When people talk about fitness, they frequently talk about losing weight, gaining muscle mass, and improving endurance and stamina. However, what’s even more important than all that is functional fitness.
Functional fitness training includes movements that strengthen the muscles your body uses doing everyday tasks. Some examples include getting up from a sofa, carrying a box up the stairs, and reaching overhead to get something from the top shelf.
As we age, our ability to perform functional movements naturally decreases. That’s why you might start to feel aches and pains after doing everyday activities like cleaning the house once you hit 40.
Just because it’s common to lose functional movement doesn’t mean you’re doomed to live with pain constantly. Doing a functional movement screen can help you identify your weak spots. Then, you can incorporate different exercises that will strengthen functional areas and improve your overall quality of life.
Doing the Functional Movement Screen
If you go to a gym or see a physical therapist, you might be able to request a functional movement screen. You can also perform one at home to get a baseline idea of how strong or weak certain muscle groups are. Just know that doing one at home and scoring yourself based on how you feel may not be as accurate as having a professional assessment.
You’ll do seven exercises during the functional movement screen. Keep a pen handy so you can keep score. Every movement is scored on a 0 – 3 scale. For moves performed on both sides of the body (like lunges), you’ll use the lower score of the two sides.
0: You feel any pain at all
1: You can do the move, but not very well
2. You can do the move, but you need to compensate in some way.
3. You can perfectly master the move.
Before getting started, you’ll need a dowel rod. These are available at hardware stores. Also, we recommend standing in front of a mirror, so you can assess your form.
How to Do a Functional Movement Screen
A functional movement screen involves seven moves. Remember, stop if you feel any pain and give yourself a score of 0 for that movement.
Don’t worry if you get some or all scores of 0. You can use your assessment score to create a fitness regimen. You can target specific functional movements.
Move 1: Deep squat
Hold a dowel rod above your head. Then, squat as low as possible while keeping good form (head looking forward, chest upright, knees pointing forward).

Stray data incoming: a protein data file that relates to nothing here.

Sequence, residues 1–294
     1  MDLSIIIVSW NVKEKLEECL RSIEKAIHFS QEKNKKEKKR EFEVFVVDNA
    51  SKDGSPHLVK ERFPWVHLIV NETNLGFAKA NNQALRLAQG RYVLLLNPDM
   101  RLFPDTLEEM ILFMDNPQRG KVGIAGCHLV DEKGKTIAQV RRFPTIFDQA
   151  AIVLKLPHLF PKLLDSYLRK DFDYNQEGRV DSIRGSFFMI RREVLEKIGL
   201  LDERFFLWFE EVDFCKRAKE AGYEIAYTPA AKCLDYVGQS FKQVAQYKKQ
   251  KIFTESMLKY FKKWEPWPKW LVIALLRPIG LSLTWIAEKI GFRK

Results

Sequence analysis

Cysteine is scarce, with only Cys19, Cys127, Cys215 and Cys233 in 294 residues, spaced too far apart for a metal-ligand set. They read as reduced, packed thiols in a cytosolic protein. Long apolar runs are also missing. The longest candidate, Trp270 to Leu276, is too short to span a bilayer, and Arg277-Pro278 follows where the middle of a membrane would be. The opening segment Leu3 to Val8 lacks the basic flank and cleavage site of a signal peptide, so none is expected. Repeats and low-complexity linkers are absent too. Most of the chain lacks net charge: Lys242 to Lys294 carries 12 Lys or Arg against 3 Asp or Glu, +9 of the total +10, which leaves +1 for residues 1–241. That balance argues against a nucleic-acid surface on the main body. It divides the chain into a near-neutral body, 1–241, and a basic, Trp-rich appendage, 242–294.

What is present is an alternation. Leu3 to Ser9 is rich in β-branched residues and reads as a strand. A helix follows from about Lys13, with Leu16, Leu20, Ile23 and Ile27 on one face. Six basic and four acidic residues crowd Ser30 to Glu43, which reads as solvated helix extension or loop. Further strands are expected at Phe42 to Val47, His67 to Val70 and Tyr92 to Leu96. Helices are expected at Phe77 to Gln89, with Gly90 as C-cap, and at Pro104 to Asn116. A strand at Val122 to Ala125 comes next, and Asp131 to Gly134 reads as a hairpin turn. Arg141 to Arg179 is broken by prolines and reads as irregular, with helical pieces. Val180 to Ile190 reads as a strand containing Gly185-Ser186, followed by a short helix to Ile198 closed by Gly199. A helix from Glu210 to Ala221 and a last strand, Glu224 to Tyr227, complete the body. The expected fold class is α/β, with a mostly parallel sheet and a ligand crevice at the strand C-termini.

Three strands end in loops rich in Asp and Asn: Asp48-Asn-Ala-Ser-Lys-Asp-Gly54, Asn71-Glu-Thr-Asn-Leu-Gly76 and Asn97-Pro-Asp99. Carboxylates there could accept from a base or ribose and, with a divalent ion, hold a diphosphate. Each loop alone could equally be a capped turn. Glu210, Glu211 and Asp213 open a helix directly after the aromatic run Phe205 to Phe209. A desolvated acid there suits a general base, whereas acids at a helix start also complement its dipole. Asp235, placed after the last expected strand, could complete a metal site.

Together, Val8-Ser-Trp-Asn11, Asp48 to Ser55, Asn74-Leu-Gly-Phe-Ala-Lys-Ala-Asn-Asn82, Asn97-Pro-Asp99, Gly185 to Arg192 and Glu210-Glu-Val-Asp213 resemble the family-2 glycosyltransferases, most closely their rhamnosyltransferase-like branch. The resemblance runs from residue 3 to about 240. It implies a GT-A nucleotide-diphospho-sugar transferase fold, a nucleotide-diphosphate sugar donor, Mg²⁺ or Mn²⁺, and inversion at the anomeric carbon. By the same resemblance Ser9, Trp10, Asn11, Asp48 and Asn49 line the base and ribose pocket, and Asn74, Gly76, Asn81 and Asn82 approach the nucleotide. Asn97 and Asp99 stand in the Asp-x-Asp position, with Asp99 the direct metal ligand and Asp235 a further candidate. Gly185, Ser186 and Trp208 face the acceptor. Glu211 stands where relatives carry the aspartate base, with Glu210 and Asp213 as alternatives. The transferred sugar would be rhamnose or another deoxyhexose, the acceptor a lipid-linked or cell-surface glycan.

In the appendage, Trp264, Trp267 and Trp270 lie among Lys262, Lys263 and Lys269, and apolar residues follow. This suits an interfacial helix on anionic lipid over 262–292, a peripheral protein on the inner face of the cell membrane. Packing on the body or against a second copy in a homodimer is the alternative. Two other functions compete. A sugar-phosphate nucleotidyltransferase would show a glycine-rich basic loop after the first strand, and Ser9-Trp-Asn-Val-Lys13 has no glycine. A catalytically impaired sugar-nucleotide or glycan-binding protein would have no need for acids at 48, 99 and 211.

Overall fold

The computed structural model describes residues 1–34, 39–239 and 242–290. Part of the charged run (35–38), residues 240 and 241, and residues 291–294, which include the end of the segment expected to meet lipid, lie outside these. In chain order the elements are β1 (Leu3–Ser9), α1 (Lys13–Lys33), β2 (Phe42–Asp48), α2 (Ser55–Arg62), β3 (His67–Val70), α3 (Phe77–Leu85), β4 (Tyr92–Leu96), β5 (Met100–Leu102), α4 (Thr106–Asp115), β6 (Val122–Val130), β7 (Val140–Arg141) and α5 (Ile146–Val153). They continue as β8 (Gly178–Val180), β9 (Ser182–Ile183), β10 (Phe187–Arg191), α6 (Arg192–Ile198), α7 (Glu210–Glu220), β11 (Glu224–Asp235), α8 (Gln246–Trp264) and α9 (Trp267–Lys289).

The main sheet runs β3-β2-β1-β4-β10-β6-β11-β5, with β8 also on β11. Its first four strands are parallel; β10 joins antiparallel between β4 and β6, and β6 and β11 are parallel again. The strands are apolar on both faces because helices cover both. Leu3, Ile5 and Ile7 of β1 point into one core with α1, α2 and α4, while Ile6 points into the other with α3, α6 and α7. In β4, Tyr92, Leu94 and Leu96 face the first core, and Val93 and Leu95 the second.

The goal is for your upper torso to be parallel with your shins and knees and dowel aligned over your feet.
Move 2: In-line lunge
Hold the dowel behind your back with one hand near your neck and the other toward your lower back. Then, with your feet about hip-width apart and facing forward, step one foot back and lower it until it hits the floor. Use a balance pad for extra support if you need it.
You’re looking for the dowel to stay in place. Your torso to remain still, and your feet to face forward as your back knee lowers.
Move 3: Hurdle step
Hold the dowel across your shoulders in front of a hurdle. Now, step over the hurdle with one leg, touching the heel to the floor. Return to starting position. Then, repeat on the other side.
You’re looking for balance and for your upper body to remain neutral as you move your legs.
Move 4: Shoulder mobility
Reach your hands behind your back simultaneously, putting one over your shoulder and the other around your back reaching up. Repeat on the other side.
Your goal is to get your hands as close together as possible.
Move 5: Active straight-leg raise
Lie on your back with your arms at your sides. Raise one leg as high as you can while keeping your knee straight. The other leg remains on the floor.
You’re looking at how high you can raise your leg while keeping your other leg on the floor.
Move 6: Trunk stability push-up
Get in a plank position and perform a push-up, going as far to the ground as possible before pushing yourself back into starting position. Cushion your hands using a yoga foam wedge block.
Your goal is to get your chest to the ground and back up while keeping your body in a straight line.
Move 7: Rotational stability
Put your knees down, so you are on all fours. Simultaneously raise your right leg and arm until they are parallel to the floor. Next, touch your right elbow to your right knee. Extend your arm and leg again, then put them on the floor before repeating on the left side.
Your goal is to keep your elbow aligned with your knee and to do the move without twisting your torso. Pay attention to the differences between your left and right sides.
At StrongTek, we believe in helping people get in shape, so they can enjoy life! We know from experience that functional movement is essential for staying healthy and strong. Visit the StrongTek Fitness Academy for more resources that can help you stay healthy and active.